Makarasana is a restorative yoga pose meant for the relaxation of the mind and body. It is a basic-level pose. This is a simple posture yet gives many benefits.
The medieval Hatha Yoga text Gheranda Samhita describes this posture.
Let us have look at the basic information, its meaning, steps, and benefits.
|English Name||Crocodile Pose|
|Origin||Medieval Yoga Period|
The Sanskrit word Makara means a sea dragon or a water monster. In Hindi, Magar means a crocodile. The posture was translated into English as Crocodile Pose considering the Hindi word. But originally the posture was not named after the Crocodile.
In Hindu Mythology, Makara actually means a fish-like sea creature having the head of an elephant. Besides this, it sometimes means an elephant with a crocodile head. It is the vehicle of the river Goddess Ganges, river Goddess Narmada, and Water God Varuna.
But the story of Hanuman and the Crocodile found in Ramayana has nothing in common with this posture.
Makarasana Practice Routine
The crocodile practice routine includes precautions, step-by-step procedures, and duration. As the difficulty level of this posture is very low, there is no necessity for tips.
Safety and Precautions
This posture is very easy to perform and there is no risk involved in the practice. However, this posture is not for pregnant ladies. They should avoid this posture.
Firstly, Lie on your stomach.
Secondly, raise your head and shoulders. Hold your chin with your palms hands on both sides and your elbows should be on the floor with a little gap in between them. The gap may be widened or shortened according to your comfort level. There should be any discomfort either on your spine or neck.
Thirdly, close your eyes. Breathe as slowly as possible or go for abdominal breathing. Keep this position as long as you are feeling comfortable.
Lastly, open your eyes. Release the position.
If Crocodile Pose is performed as a resting practice in between two postures, the duration may be for a period of two to three minutes. When performed after an Asana session, the period may be between five and fifteen minutes. However, one may extend this pose for a period of up to 30 minutes.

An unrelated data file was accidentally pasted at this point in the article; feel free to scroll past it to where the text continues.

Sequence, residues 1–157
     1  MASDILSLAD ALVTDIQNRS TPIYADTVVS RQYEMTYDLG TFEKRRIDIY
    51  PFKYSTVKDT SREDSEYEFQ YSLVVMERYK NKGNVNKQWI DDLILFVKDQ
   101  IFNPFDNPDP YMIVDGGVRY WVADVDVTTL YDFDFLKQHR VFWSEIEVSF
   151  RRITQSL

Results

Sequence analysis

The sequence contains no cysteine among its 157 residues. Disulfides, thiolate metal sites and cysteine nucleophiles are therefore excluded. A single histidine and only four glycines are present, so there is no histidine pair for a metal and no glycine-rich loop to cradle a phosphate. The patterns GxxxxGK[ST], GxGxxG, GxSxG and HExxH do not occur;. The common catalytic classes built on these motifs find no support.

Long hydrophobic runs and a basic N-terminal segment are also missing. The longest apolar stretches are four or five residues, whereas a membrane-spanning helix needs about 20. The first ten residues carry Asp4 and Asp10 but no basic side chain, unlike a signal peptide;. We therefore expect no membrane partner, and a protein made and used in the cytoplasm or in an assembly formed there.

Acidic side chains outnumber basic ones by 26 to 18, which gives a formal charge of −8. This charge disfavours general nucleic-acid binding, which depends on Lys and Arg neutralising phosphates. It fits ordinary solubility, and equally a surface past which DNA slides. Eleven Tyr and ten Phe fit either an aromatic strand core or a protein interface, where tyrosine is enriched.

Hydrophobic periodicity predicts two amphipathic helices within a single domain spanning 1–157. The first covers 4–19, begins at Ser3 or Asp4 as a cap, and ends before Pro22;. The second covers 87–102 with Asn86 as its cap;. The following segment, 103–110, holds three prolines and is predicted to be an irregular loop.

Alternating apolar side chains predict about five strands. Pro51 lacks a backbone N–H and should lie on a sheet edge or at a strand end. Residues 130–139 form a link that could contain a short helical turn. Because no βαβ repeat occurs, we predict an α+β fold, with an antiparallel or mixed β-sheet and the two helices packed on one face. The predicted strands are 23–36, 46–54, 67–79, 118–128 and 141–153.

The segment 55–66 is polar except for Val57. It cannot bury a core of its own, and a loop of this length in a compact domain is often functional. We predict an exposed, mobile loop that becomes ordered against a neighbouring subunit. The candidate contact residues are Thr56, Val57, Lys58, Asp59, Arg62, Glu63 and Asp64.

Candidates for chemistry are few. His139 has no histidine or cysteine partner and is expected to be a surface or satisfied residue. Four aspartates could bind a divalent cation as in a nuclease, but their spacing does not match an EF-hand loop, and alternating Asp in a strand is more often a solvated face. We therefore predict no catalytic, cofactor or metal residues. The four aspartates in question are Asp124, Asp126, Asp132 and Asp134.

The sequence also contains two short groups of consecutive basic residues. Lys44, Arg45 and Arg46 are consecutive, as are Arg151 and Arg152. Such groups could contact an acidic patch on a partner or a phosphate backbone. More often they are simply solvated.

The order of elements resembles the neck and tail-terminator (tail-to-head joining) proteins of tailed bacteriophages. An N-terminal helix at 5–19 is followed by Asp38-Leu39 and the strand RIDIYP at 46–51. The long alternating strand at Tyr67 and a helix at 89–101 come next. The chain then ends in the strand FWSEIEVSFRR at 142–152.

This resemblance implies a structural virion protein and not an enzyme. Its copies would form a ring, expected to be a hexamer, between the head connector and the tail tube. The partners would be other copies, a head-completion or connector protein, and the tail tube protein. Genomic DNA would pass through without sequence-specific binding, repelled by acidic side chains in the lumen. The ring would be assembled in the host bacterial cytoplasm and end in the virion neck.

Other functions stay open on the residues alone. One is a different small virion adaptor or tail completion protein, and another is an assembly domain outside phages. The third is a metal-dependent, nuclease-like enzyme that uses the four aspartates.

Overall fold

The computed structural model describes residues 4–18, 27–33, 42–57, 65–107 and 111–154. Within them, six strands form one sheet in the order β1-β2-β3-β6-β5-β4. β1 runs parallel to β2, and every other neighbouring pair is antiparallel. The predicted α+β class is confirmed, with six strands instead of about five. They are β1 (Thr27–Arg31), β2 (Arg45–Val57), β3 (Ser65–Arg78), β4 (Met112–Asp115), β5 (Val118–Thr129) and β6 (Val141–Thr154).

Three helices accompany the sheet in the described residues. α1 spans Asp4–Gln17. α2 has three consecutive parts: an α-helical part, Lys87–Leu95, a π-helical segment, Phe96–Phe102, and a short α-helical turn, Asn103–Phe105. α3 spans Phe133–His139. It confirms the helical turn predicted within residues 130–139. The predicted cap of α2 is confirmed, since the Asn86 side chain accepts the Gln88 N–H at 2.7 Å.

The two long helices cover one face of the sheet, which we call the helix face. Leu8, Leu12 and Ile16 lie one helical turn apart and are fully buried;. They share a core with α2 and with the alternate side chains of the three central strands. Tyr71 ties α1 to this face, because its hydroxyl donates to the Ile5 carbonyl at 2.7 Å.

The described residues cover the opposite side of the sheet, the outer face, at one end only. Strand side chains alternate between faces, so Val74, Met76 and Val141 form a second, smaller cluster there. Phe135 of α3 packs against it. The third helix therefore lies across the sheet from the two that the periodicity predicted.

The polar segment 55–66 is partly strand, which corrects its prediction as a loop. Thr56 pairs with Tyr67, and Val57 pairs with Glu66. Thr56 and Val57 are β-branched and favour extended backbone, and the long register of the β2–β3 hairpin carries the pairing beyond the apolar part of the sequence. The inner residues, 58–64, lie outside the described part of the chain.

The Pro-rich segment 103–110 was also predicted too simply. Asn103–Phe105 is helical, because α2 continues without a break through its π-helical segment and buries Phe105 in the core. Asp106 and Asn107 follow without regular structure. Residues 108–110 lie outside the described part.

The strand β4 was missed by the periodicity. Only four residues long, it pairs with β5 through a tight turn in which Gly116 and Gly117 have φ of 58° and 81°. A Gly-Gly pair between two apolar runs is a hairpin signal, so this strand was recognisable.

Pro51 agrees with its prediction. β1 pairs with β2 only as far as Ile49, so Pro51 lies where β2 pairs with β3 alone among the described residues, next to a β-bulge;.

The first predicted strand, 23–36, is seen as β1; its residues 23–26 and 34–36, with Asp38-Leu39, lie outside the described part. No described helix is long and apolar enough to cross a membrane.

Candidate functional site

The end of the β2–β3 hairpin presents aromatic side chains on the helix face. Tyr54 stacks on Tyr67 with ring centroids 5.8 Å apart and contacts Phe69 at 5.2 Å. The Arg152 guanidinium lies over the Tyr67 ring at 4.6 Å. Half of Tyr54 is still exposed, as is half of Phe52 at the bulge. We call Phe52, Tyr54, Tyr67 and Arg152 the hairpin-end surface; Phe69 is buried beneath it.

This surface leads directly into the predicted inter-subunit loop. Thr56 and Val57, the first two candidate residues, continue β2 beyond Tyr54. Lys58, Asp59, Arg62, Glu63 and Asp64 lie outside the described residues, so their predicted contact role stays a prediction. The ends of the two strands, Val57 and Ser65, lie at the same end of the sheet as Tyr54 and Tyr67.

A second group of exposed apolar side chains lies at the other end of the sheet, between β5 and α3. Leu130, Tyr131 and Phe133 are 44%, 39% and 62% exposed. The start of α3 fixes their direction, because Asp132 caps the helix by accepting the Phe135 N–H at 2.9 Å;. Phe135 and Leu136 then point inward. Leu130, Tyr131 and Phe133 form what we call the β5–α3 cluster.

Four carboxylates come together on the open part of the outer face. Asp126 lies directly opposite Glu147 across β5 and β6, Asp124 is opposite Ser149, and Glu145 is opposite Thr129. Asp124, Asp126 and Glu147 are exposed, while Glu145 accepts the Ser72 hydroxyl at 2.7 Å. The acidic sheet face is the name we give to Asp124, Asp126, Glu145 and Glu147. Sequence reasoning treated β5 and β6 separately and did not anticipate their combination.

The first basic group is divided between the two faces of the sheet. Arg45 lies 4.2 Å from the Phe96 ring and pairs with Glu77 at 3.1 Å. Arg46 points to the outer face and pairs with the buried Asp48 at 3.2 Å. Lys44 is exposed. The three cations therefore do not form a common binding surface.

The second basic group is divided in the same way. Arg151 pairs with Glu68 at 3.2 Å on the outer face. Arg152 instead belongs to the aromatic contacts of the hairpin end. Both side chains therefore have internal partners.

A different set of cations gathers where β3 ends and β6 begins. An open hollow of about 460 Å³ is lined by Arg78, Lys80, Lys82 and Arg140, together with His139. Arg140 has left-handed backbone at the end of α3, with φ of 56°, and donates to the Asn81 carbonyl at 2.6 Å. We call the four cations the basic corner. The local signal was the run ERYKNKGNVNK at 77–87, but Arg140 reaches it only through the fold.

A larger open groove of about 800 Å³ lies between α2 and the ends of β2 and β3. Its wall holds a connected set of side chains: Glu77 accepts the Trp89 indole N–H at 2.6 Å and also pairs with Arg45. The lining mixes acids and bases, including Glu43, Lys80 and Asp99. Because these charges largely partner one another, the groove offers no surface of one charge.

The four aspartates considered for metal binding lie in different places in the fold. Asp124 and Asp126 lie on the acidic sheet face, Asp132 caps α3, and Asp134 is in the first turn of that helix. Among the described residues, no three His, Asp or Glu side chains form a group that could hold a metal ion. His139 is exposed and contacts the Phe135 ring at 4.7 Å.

The following are the two other versions of Crocodile Pose.
Instead of holding the chin with the palms of the hand, palms are placed on the floor bending elbows against each other. After that, one should place the head on the hands.
Instead of placing lower legs on the floor, they are lifted a little upward. Besides this, the head and shoulder are also raised. After that, the palms of the hands are clasped and put on the backside of the head.
Follow Up Poses
During the Crocodile posture, your spine bends a little back. To counter this, a two-minute session of Corpse Pose is enough.
Advanced Pose Considerations
As soon as one gets mastery over Crocodile Pose, he may consider Cobra Pose as an advanced practice.
The practice of Crocodile pose renders the following benefits.
Resting and Rejuvenating
The Crocodile Pose serves as a resting and rejuvenating posture after an Asana session or in between two postures.
The Crocodile Pose provides relaxation and puts the practitioner into a deep meditative state of mind.
Activates Parasympathetic Nervous System
The practice of the posture for longer periods activates the Parasympathetic Nervous System. As a result, one can decrease anxiety and related diseases stress, depression, etc.
Helps Multiple Health Conditions
The practice of this posture improves health conditions like Hypertension, Cardiovascular Diseases, Type II Diabetes, and Asthma.
Improves the functions of Internal Organs
As a result of the practice, the functions of internal organs like kidneys, liver, heart, lungs, etc. improve.